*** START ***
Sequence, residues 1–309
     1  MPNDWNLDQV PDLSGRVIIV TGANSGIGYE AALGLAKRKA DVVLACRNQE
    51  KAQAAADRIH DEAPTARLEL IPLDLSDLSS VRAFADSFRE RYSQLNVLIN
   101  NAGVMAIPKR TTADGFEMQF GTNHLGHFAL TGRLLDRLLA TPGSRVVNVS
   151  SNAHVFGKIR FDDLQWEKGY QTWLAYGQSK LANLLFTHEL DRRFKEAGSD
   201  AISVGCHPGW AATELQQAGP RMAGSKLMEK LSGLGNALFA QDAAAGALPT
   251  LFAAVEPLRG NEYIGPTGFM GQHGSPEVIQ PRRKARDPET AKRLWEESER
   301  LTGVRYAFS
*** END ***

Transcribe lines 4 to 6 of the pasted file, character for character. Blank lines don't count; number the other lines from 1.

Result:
   101  NAGVMAIPKR TTADGFEMQF GTNHLGHFAL TGRLLDRLLA TPGSRVVNVS
   151  SNAHVFGKIR FDDLQWEKGY QTWLAYGQSK LANLLFTHEL DRRFKEAGSD
   201  AISVGCHPGW AATELQQAGP RMAGSKLMEK LSGLGNALFA QDAAAGALPT